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Album Review: Iwrestledabearonce ‘Ruining It For Everybody’

Iwrestledabearonce are not famous for playing by the rules. Nor are they particularly known for their sweetness, calming music, or commonplace sense of humor. And that’s exactly what’s so great about ’em. And with their second studio album, Ruining It For Everybody, IWABO certainly don’t disappoint anyone who still holds them to those deliciously devilish and high standards – but they’re not about to let you get away without a few surprises, either. 

Opening track “Next Visible Delicious” is a whirlwind of sound straight from the beginning. Starting off with a bubbly electronic section, it soon turns into a series of raspy, blood-curdling, staccato screams curtesy of ever-girl-crush-worthy front woman Krysta Cameron. But, not a moment too soon, those yelps lend themselves to a more eerie quality as Cameron’s vocals turn sing-song and childlike. But that’s not all. The second half of the song is here, and FAST. I’m talking out of the gate like a power-up in Mario Kart. Wailing guitars compliment a sweeping piano part that seems to trip like icy water down the chord progression, and drummer Mike Montgomery shows off his skill with a double bass part that will have your shins aching just listening to it. “You Know That Ain’t Them Dogs’ Real Voices” continues along that same riotous vein with Cameron’s strongly sung melody punctuated by pinprick vocals and madcap guitar licks that occupy the very upper half of the register. A ghoulish interlude that sounds like a handicapped version of The Cramps, complete with a broken-down upright bass line and the “uh-huhs” that pyschobilly so lovingly claims, is also a delight, along with the sound of waves and cawing gulls that accompanies it. Ending the song with a sigh (literally), it’s almost as if one song bumps into another, and without an apology, as “Deodorant Can’t Fix Ugly” starts up. A full gospel chorus is the pride and joy of that song, as the unexpected nature of the album becomes fully apparent. 
In fact, it’s pretty much impossible to predict what will happen next on Ruining It For Everybody. The beginning style of “This Head Music Makes My Eyes Rain” is strangely reminiscent of bands such as The Notwist, and the technical prowess of Steven Bradley (guitars, keyboards, samples, programming) cannot be denied as his avant-garde electronic composition unfolds track by track. Peppered with angelic vocals and whispers, this song is completely sans screams. And I can dig it!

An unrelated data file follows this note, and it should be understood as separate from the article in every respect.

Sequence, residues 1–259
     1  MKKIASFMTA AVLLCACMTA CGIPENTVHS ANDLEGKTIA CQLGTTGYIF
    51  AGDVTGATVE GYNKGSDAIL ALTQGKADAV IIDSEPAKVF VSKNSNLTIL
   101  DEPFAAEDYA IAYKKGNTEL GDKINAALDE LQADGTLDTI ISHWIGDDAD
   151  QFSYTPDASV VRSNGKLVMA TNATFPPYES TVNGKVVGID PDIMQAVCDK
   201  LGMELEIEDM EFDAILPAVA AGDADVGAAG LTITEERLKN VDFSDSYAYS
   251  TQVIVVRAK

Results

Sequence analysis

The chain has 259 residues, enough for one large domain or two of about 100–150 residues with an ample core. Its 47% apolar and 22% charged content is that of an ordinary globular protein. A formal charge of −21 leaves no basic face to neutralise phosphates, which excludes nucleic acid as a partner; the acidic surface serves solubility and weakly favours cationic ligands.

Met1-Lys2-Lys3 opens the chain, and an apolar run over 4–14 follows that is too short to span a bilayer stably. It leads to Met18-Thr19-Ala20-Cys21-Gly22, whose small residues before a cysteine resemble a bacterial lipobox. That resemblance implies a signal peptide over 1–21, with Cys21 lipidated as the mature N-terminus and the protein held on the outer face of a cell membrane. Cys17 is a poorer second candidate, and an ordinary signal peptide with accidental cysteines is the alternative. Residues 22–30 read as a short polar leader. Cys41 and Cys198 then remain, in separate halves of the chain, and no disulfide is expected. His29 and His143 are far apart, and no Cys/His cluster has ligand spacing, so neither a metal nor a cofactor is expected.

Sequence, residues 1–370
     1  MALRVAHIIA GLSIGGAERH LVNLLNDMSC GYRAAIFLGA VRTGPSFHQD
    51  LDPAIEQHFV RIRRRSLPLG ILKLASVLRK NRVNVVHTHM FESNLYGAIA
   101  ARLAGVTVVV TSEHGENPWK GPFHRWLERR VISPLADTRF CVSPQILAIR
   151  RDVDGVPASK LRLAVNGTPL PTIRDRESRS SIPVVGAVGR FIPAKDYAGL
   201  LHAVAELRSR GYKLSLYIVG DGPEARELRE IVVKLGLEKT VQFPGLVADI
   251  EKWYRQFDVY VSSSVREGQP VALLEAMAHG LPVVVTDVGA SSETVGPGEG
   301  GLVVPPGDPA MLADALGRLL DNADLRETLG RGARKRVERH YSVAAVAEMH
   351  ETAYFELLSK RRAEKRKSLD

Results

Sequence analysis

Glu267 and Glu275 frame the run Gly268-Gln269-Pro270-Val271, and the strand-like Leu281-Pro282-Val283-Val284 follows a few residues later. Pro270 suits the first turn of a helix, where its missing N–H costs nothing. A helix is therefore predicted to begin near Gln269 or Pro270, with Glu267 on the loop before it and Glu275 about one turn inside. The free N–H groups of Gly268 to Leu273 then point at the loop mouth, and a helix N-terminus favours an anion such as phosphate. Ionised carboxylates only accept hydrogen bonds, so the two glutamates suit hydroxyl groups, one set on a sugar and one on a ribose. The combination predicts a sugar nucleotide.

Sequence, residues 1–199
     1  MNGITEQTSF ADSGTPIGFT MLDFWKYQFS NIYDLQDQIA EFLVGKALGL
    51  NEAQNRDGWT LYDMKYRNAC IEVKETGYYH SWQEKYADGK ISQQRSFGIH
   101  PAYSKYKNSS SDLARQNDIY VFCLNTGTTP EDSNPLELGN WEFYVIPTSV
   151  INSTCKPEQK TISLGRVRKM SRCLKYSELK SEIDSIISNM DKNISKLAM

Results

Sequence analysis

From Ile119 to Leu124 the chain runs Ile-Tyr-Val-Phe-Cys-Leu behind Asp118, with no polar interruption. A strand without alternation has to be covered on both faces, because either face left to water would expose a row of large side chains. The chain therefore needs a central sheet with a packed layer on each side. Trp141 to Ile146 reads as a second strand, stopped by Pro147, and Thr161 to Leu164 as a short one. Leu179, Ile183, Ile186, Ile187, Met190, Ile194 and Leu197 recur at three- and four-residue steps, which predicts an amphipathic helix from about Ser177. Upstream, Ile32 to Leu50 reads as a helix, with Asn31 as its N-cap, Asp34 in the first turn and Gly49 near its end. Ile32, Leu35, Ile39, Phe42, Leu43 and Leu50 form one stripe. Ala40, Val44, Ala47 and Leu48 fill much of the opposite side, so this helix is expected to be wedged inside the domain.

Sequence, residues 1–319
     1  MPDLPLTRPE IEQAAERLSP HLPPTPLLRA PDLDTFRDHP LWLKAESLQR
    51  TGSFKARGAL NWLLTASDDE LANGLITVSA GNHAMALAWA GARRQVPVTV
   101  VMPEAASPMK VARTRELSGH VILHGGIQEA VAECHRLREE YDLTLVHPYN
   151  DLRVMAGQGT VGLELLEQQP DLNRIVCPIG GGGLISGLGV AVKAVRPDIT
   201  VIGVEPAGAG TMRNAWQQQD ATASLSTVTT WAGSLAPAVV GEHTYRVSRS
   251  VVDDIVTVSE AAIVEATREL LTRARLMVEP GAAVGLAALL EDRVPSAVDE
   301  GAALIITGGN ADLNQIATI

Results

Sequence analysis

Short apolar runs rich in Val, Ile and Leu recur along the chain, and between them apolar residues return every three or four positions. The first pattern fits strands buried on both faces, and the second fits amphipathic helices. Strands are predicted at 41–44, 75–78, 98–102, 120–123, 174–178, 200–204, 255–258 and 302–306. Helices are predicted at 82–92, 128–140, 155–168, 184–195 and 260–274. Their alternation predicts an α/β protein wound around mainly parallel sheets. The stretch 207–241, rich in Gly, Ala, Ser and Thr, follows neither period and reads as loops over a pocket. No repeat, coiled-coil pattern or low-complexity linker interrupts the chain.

Not one to disappoint, Cameron’s vocal range is again revealed to be astonishing, as she proves with her exotic sounding part in “Gold Jacket, Green Jacket“. Complimented with triangle, electronic sounds and even gang vocals, IWABO manages to make a somehow elegant cacophony of this track; and it will definitely inspire some quality dancing when it’s played live. 
The one thing about listening to Iwrestledabearonce is you have to learn to sort of “listen in the moment”, so to speak. The music is so spastic that you might just miss how cool it sounds. But IWABO are without a doubt born from a certain breed of musician whose talent and style cannot be taught. Ruining It For Everybody manages to be discordant while at the same time artful, composed while in a sense animalistic, and Cameron’s voice often seems to take on a mind of its own, making it seem as if it is only pure accident that the music should follow her lead. Like I said the first time I saw them live in New York, “Some people play heavy music, but Iwrestledabaronce has the devil in them.” And by devil, I mean the passion for playing. 
The Final Word: This passion is what guides the album through its ass-backwards, space odyssey style journey. Sexy guitar, staccato structure, awe-inspiring drum work and scrambled electronic sections that make you stop and say, “What even was that?” are all a part of this album, one which seems decidedly more serious and much less cheeky than IWABO’s last, It’s All Happening. Even still, it was easy to enjoy myself listening to it, and I found myself writing such notes as “LET THIS MUSIC RAIN DOWN UPON YOU, THERE IS NO ESCAPE!” and “this outro is amazing omg kill yourself before it ends”. So yes, although this album is somewhat more “grown-up” its crazed energy is infectious, and listeners will have only just begun to familiarize themselves with its creepy samples, out-of-the-blue style changes, and all around wackiness before IWABO will be back with a new record and even more tricks up their sleeves. 



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